Plans by the KwaZulu-Natal provincial government to use Transnet as a catalyst to grow the economy which has been battered by Covid-19 are in disarray following an announcement that the port authority will move its headquarters to the Eastern Cape.
Transnet, which currently has its head offices in Durban and Johannesburg, has resolved to amalgamate the two into a single one — which according to the ports authority would be based in Ngqura, Port Elizabeth.
Delivering his State of the Province Address (Sopa) in Pietermaritzburg on Friday, Premier Sihle Zikalala, said the decision took the provincial government by surprise.
“As the provincial government, we were taken aback by the announcement on the relocations of Transnet Headquarters’ operations to Ngqura (in Eastern Cape). We are engaging with the Minister of Public Enterprise and Transnet to unpack the decision’s full implications for our province and country,” he said.
KZN, which previously generated billions of rands from its tourism industry, now has to focus more on its ports and ocean economy as areas to stimulate economic growth after the tourism industry was shattered by Covid-19.
The Durban port, which currently handles about 60% of the country’s cargo, is the busiest in Africa.
There had been expectations that Durban would host the parastatal’s consolidated headquarters given the city’s strategic location.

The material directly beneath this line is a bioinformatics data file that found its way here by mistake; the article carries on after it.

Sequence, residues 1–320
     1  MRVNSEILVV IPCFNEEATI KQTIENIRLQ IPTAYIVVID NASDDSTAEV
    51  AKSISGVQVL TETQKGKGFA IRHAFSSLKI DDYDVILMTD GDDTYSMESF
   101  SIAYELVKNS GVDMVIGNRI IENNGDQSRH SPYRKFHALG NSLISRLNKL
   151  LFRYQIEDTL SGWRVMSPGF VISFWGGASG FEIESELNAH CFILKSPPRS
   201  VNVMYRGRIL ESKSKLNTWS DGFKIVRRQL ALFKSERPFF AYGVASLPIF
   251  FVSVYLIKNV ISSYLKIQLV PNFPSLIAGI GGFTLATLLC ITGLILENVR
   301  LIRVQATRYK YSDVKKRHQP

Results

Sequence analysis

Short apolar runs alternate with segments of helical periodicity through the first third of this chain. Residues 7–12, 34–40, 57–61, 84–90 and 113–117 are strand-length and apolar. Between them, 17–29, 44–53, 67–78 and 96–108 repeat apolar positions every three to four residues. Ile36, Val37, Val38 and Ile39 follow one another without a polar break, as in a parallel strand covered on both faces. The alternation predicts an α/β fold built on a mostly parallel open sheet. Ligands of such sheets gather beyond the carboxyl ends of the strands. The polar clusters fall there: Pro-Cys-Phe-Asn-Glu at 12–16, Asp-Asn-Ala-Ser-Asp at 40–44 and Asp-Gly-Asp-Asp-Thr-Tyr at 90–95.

Transnet’s decision, which also took analysts and business organisations by surprise, meant that its staff in Durban will have to relocate to Port Elizabeth. Durban Chamber of Commerce and Industry (DCCI) chief executive, Palesa Phili, has called on Transnet and Gordhan to reconsider the decision to relocate the parastatal’s head office.
“We hope that this decision is not cast in stone. It does not make logistics sense, especially with the Durban-Johannesburg corridor being the key import and export route for SA.
“In addition, there are so few flights between Durban and PE, a city that also does not have direct international flights,” she said.
The extensive economic benefits that needs to be leveraged from the Durban Port, Phili said, required Transnet’s top leadership to be based in Durban.
Zikalala said the province’s ports and Special Economic Zones (SEZ) including the Dube Trade port and Richards Bay possessed enormous potential to grow the economy and create jobs.
“We undertake a solemn declaration to spare no effort in the struggle to grow the economy. The focus will be on restructuring the economy to ensure growth and address the imbalance in ownership patterns,” Zikalala said.